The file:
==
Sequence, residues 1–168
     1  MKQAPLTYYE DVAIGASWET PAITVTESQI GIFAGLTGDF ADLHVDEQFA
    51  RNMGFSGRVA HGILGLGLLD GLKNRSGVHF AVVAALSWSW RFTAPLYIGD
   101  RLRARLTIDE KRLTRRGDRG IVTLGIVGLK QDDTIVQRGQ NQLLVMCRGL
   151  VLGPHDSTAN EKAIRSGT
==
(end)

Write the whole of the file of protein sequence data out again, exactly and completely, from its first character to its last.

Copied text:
Sequence, residues 1–168
     1  MKQAPLTYYE DVAIGASWET PAITVTESQI GIFAGLTGDF ADLHVDEQFA
    51  RNMGFSGRVA HGILGLGLLD GLKNRSGVHF AVVAALSWSW RFTAPLYIGD
   101  RLRARLTIDE KRLTRRGDRG IVTLGIVGLK QDDTIVQRGQ NQLLVMCRGL
   151  VLGPHDSTAN EKAIRSGT